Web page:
Poor man: A guinea pig

Unauthorised clinical trials & flourishing kidney trade have wreaked havoc in hinterlands of Andhra

Poor man: A guinea pig

Visakhapatnam port sustains on mines and forests in the neighbouring districts and states in the hinterland. The same areas also serve as the hinterland for hospitals here. However, illegal kidney transplantations, unauthorised clinical trials treating patients as guinea pigs, and other such cases, that have come to light in the recent past, have shattered public trust. Unfortunately, the tendency to break or circumvent laws, rules, regulations and systems through unethical practices, for their gain, has become the common norm, not only in this beach-city but also in hospitals across the country.

Earlier, people used to hear about the lucrative trade of kidneys in Mumbai and elsewhere in the country. In the recent past, Vizag has also caught up. Cases have been booked against the Seven Hills corporate hospital and Shraddha. The modus operandi is the same in all such hospitals. The middlemen lure poor people with big money for parting with one of their kidneys and show the deal as a donation by a relative in order to circumvent the law that prohibits such a sale. For this, they use forged Aadhaar cards and fake records. In the absence of exemplary and instant punishment, these rackets are now flourishing trade; out of the over Rs 30 lakhs charged from the patient, the poor man is paid only a pittance; the rest is apportioned among the middlemen, doctors, and the hospital.

It is again the same lure for money, from Drug Companies, that is the raison d'être for the state-run King George Hospital being in the news for unauthorised clinical trials. No doubt, such trials are essential for improving therapeutic regimens and ensuring advancement in medical practice. But the poor of the north coast of AP, and those from neighbouring states, who are targeted, are gripped with a sense of suspicion, fear and anxiety.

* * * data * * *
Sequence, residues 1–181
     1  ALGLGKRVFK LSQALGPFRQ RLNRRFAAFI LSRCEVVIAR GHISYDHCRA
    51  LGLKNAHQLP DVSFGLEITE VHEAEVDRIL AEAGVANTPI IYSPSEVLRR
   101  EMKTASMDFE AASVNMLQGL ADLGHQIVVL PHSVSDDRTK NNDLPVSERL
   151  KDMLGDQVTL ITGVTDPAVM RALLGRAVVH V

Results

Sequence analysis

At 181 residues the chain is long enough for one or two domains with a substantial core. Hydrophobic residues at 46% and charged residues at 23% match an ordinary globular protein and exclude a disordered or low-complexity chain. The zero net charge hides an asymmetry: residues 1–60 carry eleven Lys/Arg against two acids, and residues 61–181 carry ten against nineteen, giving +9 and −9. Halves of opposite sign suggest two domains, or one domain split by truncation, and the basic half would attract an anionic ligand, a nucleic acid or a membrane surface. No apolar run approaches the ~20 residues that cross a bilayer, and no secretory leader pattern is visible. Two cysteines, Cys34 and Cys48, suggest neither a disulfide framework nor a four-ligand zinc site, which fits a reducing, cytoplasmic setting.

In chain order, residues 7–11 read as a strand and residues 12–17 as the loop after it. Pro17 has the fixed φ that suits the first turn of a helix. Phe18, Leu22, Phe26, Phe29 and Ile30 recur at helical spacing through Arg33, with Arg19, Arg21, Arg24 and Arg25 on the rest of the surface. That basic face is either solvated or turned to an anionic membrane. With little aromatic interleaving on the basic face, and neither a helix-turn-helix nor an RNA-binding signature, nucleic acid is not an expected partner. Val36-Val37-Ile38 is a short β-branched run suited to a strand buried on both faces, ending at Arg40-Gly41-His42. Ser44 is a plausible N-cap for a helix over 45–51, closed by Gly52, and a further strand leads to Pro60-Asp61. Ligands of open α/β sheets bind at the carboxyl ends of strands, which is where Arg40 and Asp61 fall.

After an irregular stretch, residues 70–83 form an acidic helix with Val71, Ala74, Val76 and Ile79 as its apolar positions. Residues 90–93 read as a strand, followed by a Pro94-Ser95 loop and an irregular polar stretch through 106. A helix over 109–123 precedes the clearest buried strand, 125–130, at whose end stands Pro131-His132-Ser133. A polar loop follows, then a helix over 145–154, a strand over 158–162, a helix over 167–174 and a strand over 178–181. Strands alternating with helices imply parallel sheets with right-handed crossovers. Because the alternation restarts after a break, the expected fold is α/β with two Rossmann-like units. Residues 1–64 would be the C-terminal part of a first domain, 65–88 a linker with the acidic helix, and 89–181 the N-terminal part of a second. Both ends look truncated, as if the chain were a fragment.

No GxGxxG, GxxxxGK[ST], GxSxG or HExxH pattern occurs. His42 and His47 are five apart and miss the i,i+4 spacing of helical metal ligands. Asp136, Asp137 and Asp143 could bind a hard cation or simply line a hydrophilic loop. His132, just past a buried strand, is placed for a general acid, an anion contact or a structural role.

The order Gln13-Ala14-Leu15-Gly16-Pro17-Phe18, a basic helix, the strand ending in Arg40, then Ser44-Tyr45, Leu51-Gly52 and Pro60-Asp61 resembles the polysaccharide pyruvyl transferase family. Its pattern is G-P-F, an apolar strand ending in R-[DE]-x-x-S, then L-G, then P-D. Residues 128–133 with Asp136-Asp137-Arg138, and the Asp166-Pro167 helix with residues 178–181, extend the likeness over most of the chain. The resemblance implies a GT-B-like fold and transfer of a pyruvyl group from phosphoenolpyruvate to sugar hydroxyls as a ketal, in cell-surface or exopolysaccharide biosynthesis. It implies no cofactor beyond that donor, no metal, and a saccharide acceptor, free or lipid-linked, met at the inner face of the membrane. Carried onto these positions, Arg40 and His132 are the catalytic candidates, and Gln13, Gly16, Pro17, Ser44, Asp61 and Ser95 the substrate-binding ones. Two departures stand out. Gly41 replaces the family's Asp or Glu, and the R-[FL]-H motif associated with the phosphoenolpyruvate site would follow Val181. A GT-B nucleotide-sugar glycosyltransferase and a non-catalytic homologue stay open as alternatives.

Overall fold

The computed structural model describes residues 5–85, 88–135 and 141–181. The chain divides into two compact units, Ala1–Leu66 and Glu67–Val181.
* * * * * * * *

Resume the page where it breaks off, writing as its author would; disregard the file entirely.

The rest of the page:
Till recent times, clinical trials was a grey area in the country's health regime. A total of 24,117 cases of deaths and Serious Adverse Events (SAEs) occurred between January 2005 and September 2016. Inducing people with money, Drug companies even used to take their thumb impressions on the information sheets, without even briefing them about the adverse consequences of the clinical trial. In 2009, over 24,000 tribal girls were enrolled from Gujarat and Andhra Pradesh by the Union Ministry of Health and Family Welfare, among others, in a Human Papilloma Virus (HPV) vaccination trial for the treatment of cervical cancer. Several months into the trial, seven girls were reported to be dead. When investigated, it was found that the parents did not understand fully what they were signing up for. Experts say that these illiterate poor people were only attracted by the money offered.

However, following the Supreme Court's intervention in 2013, the Drugs and Cosmetics Act has been amended; rules and guidelines framed; Institutional Ethics Committees have been put in place. It is also mandated that clinical trials conducted are registered with Clinical Trials Registry–India (CTRI) after clearances from the Ethics Committee and the Drugs Controller General of India, so that every detail of the progress made in the trial is captured by them. Even the earlier arbitrariness in exempting some new medicines from clinical trials has been dispensed with by clearly defining five situations, like life-threatening disease, serious disease, a disease which is specifically suited to Indian conditions, etc. Further, guidelines were issued in compliance with the SC order making it mandatory for the drug companies to inform patients about possible adverse effects and for the audio-video recording of their informed consent. More importantly, specific formula, based on several factors, has been defined for working out the compensation to be paid.

The pivot in the reformed system is the Institutional Ethics Committee, comprising of professionals, non-professionals and laymen. It is their responsibility to ensure that medical experiments and research on humans are carried out in an ethical manner so that the dignity, rights, safety and well-being of all research participants are safeguarded. It is also their responsibility to complete investigations within 30 days from the date of death or serious adverse event (SAE) or permanent disability and work out the compensation to be paid based on the given formula, which is in addition to the expenses incurred in the medical management of the subject.

All the reformatory ideas put on paper look very sound. But, pharmaceutical companies are increasingly taking advantage of the lacunae, which is resulting in a spurt in cases of SAEs and deaths of clinical subjects. Of the 590, 443, and 341 cases of SAEs resulting in death reported in 2013, 2014, and 2015, compensation was paid only in 45, 21 and 4 cases respectively. There are many cases which do not come to light; either their records are not maintained or they vanish from the institutions. King George Hospital of Vizag is one such hospital.